To create an indelible brand, you’ve got to focus on creating a community and a sense of belonging. Don’t be afraid to be different, to declare your purpose, to demarcate yourself from others and to create solidarity among your customers.

The perception of people who join cults is that they’re sad, lonely, gullible, victims of mind control, and blind followers of brilliant psychopathic leaders. “But the people who join cults are very similar to the people in this room,” said Douglas Atkins, former head of community at Airbnb and author of The Culting of Brands.

In fact, people who join cults are “often stable, intelligent, idealistic people who tended to have good educations and come from respectable families.”

Douglas Atkin, former Global Head of Community at Airbnb Inc., talks about
how community creates commitment at The Gathering.

Atkins focused on the four ways cults, like the world’s most beloved brands, are able to create such devout followers.

The answer is paradoxical: People don’t join cults because they want to conform or disappear, but because they want to be more individual — more like their true selves. The most successful cults and brands take who you are and make you more so.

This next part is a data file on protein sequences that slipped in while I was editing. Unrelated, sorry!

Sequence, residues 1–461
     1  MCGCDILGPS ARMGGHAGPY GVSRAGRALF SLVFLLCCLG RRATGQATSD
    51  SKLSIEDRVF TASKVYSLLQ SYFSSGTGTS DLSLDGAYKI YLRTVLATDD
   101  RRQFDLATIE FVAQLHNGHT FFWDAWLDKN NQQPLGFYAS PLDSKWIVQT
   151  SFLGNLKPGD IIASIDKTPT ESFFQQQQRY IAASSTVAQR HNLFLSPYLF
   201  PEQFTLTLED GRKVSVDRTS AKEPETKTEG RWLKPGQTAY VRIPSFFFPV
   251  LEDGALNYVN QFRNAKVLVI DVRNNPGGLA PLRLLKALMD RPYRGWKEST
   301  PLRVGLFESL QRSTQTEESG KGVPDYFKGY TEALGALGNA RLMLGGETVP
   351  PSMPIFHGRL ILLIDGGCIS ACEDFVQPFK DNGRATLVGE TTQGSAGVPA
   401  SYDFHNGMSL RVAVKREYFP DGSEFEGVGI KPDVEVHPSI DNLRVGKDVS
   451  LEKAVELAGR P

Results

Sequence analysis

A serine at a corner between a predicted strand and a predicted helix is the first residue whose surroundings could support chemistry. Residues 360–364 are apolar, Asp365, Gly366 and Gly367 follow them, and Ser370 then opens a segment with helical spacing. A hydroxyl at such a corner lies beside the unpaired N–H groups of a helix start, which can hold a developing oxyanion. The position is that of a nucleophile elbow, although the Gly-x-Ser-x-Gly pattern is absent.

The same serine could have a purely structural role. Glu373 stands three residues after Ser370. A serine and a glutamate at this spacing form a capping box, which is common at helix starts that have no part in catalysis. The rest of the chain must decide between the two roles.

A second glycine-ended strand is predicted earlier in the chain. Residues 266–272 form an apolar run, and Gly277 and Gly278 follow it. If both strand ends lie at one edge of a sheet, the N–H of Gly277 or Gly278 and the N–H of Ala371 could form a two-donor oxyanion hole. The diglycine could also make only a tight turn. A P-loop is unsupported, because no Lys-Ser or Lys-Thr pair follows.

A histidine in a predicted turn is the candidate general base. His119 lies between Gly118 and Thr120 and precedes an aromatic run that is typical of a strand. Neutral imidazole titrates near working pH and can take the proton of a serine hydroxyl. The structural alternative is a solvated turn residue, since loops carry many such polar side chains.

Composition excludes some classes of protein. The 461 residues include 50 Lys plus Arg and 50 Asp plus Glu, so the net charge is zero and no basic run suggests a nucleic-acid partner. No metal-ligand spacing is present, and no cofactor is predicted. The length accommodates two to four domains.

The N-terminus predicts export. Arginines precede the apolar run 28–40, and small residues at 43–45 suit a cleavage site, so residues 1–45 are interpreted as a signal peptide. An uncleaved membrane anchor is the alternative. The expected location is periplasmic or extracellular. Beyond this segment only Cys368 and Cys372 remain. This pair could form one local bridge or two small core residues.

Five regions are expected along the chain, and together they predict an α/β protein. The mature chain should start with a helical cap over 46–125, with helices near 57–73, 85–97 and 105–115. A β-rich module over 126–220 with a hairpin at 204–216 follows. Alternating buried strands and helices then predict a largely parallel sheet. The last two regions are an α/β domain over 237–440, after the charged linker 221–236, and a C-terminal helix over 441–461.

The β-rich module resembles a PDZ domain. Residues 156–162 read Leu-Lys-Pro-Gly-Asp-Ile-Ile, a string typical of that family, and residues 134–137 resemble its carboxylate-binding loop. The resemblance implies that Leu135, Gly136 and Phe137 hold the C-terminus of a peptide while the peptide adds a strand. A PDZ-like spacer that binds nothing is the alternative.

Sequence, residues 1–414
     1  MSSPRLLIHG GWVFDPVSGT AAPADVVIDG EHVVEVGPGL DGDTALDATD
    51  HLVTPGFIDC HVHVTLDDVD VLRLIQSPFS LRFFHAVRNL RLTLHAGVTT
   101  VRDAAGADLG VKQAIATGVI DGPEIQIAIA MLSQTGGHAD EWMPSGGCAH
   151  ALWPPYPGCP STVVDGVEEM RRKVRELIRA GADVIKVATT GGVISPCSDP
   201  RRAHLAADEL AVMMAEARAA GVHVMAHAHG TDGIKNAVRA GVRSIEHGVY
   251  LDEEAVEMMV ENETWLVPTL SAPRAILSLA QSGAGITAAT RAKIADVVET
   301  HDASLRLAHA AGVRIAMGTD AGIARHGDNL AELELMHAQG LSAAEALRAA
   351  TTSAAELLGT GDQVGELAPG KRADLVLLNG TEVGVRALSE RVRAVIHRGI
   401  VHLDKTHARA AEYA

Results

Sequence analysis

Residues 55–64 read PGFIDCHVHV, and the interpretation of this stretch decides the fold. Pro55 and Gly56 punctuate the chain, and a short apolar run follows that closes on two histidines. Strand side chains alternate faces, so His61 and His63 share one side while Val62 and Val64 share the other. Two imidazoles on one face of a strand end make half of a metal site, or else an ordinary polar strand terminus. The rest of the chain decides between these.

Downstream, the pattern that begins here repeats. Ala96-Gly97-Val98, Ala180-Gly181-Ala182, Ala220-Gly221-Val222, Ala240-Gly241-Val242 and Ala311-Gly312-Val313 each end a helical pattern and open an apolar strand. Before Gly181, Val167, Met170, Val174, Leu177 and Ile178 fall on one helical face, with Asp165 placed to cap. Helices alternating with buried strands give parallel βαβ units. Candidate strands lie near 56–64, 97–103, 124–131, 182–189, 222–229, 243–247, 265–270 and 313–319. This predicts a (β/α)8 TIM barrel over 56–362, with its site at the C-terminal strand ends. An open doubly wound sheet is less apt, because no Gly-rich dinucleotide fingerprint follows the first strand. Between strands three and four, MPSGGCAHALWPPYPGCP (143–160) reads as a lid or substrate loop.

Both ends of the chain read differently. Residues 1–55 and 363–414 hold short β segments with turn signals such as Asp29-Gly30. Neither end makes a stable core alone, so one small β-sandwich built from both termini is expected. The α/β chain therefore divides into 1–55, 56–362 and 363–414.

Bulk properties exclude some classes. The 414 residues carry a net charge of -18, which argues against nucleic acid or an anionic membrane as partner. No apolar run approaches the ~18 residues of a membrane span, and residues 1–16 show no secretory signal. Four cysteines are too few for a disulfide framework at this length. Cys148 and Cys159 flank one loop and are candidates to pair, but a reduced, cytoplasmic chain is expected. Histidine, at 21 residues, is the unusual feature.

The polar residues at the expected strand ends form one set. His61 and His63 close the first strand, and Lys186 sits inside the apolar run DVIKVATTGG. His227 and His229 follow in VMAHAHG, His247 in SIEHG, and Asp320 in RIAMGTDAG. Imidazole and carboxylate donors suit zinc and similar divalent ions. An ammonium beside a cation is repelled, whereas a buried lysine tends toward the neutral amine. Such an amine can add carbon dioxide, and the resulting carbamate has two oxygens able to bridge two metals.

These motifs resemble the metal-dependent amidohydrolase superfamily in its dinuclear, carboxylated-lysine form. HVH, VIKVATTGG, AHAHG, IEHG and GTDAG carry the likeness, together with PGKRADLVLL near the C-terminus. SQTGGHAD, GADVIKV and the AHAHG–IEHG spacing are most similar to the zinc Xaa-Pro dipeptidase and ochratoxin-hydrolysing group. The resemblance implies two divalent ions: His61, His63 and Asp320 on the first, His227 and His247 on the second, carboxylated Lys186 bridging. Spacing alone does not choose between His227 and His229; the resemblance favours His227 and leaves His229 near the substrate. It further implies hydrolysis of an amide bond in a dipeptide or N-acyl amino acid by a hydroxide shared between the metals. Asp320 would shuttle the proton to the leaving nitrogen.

Cult brands such as Harley Davidson, Apple and Starbucks engage in the following tactics to create this sense of community and belonging. Atkins calls it the four Ds of difference and argues that these are the ways to successfully build a loyal and long-lasting community.

  1. Determine your franchise’s sense of difference. For brands to truly know who they are, they need to define what they aren’t and not try to please everyone.
  2. Declare your cult’s difference with doctrine and language. Once you’ve figured out your purpose, you need to actively declare it so that people recognize it and join.
  3. Demarcate your cult from the outside world. Logos, values, sounds. People can tell one brand from the other through visual and aural cues.
  4. Demonize the other. “Us versus them.” This kind of stance (think Apple versus Microsoft) creates solidarity in the community. The “other” becomes a threat and bands the followers together in opposition.

About The Gathering

Organizers of The Gathering consistently outdo themselves: bigger brands and personalities, more content and dual-track sessions, and ramped up music and entertainment value. But as it grows, the level of access to the hearts and minds of the biggest brand leaders remains unchanged, keeping The Gathering on the calendar of smart marketers across North America year after year.

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Katherine Scarrow is the general manager of Globe Content Studio, the content-marketing division of The Globe and Mail, Canada’s national media organization.

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